Monday, April 09, 2007

Engineers Bring 'Invisibility' One Step Closer to Reality

Technological Hocus Pocus

RED ORBIT - April 2, 2007

Researchers using nanotechnology have taken a step toward creating an "optical cloaking" device that could render objects invisible by guiding light around anything placed inside this "cloak."

The Purdue University engineers, following mathematical guidelines devised in 2006 by physicists in the United Kingdom, have created a theoretical design that uses an array of tiny needles radiating outward from a central spoke. The design, which resembles a round hairbrush, would bend light around the object being cloaked. Background objects would be visible but not the object surrounded by the cylindrical array of nano-needles, said Vladimir Shalaev, Purdue's Robert and Anne Burnett Professor of Electrical and Computer Engineering.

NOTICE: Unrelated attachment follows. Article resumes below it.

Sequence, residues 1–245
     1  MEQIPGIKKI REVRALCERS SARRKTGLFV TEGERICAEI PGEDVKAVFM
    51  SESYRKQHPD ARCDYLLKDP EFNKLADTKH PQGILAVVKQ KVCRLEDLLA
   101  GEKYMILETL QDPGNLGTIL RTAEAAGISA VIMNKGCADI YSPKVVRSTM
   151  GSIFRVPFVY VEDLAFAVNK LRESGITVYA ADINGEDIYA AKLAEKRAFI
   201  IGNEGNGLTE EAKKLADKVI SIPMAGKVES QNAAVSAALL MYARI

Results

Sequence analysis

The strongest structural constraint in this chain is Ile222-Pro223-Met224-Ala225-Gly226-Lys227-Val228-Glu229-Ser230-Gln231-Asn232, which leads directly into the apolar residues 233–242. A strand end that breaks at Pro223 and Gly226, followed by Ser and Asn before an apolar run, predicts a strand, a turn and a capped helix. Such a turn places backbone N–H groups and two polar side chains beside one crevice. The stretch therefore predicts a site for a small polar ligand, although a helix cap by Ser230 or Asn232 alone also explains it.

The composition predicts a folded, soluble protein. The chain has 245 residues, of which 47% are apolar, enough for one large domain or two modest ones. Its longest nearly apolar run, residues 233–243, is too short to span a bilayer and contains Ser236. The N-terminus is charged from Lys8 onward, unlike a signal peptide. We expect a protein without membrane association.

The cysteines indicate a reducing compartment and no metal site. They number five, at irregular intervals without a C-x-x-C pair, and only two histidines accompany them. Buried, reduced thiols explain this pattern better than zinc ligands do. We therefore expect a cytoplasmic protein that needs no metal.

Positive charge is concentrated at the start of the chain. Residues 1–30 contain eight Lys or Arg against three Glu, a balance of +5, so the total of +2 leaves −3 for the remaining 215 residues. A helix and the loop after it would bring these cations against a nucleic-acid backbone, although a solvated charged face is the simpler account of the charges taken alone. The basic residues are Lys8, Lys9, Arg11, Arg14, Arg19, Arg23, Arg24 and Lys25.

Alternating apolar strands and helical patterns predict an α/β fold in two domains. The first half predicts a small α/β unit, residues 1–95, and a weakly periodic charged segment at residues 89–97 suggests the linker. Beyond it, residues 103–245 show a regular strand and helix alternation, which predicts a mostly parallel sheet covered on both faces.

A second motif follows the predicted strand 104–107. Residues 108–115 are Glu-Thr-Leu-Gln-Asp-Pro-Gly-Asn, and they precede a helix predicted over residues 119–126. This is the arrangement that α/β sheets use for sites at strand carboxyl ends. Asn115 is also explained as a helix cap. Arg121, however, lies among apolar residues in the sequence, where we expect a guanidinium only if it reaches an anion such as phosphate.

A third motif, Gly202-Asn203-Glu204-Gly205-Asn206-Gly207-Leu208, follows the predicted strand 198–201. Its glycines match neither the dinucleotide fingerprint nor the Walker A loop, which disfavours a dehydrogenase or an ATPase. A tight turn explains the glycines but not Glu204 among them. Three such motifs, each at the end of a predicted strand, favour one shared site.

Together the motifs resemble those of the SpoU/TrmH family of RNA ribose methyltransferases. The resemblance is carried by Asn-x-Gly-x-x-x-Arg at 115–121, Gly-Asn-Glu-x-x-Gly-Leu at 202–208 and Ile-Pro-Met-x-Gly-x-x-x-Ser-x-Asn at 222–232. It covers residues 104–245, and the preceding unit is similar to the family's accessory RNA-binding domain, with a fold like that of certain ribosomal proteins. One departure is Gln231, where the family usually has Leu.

The design does, however, have a major limitation: It works only for any single wavelength, and not for the entire frequency range of the visible spectrum, Shalaev said.

"But this is a first design step toward creating an optical cloaking device that might work for all wavelengths of visible light," he said.

Research findings are detailed in a paper appearing this month in the journal Nature Photonics. The paper, which is appearing online this week, was co-authored by doctoral students Wenshan Cai and Uday K. Chettiar, research scientist Alexander V. Kildishev and Shalaev, all in Purdue's School of Electrical and Computer Engineering.

Calculations indicate the device would make an object invisible in a wavelength of 632.8 nanometers, which corresponds to the color red. The same design, however, could be used to create a cloak for any other single wavelength in the visible spectrum, Shalaev said.

"How to create a design that works for all colors of visible light at the same time will be a big technical challenge, but we believe it's possible," he said. "It is clearly doable. In principle, this cloak could be arbitrarily large, as large as a person or an aircraft."

The research is based at the Birck Nanotechnology Center at Purdue's Discovery Park. - - - -


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